London Calling: Diana Bunici's fresh start
Published 13/04/2015 | 02:30
On the face of it, Diana Bunici had the dream life for a 26-year-old in Dublin: a career in TV presenting, a rock-star boyfriend and family and friends around her.
But the Moldovan-born beauty was never going to be content to be a big fish in a small pond. In the last few months she's moved to London, started writing a children's book and is playing the networking game. "It's going really well", she told the Sunday Independent last week. "I was going to go to New York but since London is so close and I can travel back and forth for work at home I thought it would be better."
She fronted RTE children's TV show Elev8 for five years but says she's ready to leave the world of kids' TV behind her. "Yes I'd love to work in programming for a more general audience but at the same time I wouldn't rule anything out either. It would be a dream to front a series of documentaries. I'm a big fan of Louis Theroux and Stacey Dooley - to follow in their career paths would be incredible. I'm also doing reports for Irish TV - I did reports about St Patrick's Day. I'm contributing a couple of reports a month."
She's also in talks with publishers about her book. "It's about making dreams come true for the 12+ market. If you want to be an accountant there might be a set path but supposing you want to be Hozier - what then? I'll be compiling interviews for it."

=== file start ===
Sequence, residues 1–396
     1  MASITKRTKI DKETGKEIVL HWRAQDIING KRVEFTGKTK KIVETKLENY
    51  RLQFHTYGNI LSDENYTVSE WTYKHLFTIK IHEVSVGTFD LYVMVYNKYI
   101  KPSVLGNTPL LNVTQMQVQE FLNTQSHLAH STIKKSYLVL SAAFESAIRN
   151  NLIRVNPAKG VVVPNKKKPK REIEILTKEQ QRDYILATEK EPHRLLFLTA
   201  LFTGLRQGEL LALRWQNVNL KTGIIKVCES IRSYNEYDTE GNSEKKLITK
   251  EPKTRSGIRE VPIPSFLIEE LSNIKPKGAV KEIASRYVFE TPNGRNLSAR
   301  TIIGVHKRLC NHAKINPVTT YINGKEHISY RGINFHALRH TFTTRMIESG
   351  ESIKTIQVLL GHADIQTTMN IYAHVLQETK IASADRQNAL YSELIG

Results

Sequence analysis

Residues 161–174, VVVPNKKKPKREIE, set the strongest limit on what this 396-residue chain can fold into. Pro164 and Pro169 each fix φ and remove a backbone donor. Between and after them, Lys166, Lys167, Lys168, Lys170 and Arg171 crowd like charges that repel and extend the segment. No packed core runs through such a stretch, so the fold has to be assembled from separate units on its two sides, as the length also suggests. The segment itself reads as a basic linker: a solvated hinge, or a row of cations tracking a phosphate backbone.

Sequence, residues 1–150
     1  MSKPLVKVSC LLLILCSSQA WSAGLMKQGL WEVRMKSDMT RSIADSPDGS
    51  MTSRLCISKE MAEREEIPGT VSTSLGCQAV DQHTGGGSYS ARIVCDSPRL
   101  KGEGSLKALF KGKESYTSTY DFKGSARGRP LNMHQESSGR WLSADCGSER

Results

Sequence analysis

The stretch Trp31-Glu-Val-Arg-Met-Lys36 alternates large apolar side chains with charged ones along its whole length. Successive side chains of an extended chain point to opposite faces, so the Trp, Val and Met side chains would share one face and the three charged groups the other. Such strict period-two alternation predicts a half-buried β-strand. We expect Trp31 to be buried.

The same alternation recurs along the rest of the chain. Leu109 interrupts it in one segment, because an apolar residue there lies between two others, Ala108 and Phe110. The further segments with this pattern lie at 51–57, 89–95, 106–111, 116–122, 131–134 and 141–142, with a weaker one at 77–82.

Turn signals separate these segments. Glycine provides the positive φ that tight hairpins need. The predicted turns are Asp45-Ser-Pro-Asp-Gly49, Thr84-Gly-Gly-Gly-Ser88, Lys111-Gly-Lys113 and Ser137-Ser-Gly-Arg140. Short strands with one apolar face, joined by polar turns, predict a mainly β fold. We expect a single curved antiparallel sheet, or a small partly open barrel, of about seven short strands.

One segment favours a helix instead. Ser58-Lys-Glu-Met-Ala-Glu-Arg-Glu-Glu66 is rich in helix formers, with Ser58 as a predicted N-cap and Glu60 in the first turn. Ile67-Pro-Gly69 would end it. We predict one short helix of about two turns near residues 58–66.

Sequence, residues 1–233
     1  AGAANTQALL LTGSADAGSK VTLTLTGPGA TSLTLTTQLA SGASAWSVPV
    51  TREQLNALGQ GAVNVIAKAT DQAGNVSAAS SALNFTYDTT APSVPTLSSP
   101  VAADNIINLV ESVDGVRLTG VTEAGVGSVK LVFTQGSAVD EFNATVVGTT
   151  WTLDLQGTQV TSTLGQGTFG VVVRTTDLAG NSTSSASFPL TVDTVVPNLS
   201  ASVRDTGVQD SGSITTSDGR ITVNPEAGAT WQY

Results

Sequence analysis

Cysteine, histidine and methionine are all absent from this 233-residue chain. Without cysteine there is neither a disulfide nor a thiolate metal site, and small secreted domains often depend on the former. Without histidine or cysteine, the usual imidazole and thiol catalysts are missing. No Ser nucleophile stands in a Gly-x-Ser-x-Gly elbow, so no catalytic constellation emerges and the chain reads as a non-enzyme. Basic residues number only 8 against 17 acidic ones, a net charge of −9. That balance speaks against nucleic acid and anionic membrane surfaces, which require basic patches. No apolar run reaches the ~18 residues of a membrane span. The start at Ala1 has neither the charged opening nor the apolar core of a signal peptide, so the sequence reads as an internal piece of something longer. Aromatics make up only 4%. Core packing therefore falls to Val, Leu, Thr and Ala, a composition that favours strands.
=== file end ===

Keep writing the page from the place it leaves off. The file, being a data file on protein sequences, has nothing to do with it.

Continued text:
So will her boyfriend, Kodaline rocker Steve Garrigan, be contributing to the book? "Well obviously he's very creative and he's worked very hard to get to where he is - the success of the band was 10 years in the making really, going back to You're A Star back in day. It would be an honour to have him included in the book. I'm sure that if I asked him nicely he'd do it."
They see each other as much as they can. "When he's not busy gigging and promoting he's back home in Swords. He's over here a bit and we get to hang out which is cool. I've been over a few times in the last few months too."
Diana has an example to look up to in terms of immigrant success stories; her parents moved from Moldova to Ireland in 1992, when Diana was eight, and worked hard to give her and her brother a better life. "They left behind everything and had to adapt to a new culture, a new language", she recalls. "I have memories of not being able to speak English. My dad was a mechanical engineer in Moldova but in Ireland he worked during the day in construction and he'd get home at 7 or 8 a night, depending on how far away the construction site was - he walked to save money on bus tickets. And then, after hanging out with me and my brother for a little bit, at a crazy hour of the night he'd go and work in a fish and chip shop. In Moldova, my mother had been a doctor in the emergency room but she worked many jobs in Ireland in restaurants, and she worked for Superquinn for a while."
Growing up, Diana loved creative writing and from an early age harboured ambitions to become a journalist. "In fourth year I went to The Star newspaper and FM104 and in my final year of college I did work experience in TV3. That was great because I got to see what a real TV environment was like and when I started in RTE I was able to give it my best. When you work with kids you can't control what happens: a kid threw up live on air, a child peed herself live on air! Luckily it happened toward the end of the show."
Aside from pitching herself to producers she's also stepped into the producer role herself for Irish TV. "It's nice to step into the producer role", she says. "I had a taste of it working on my 1D documentary two years ago but this is a very exciting new challenge!"
'Out and About in the U.K.' airs Wednesdays at 8:30 on www.irishtv.ie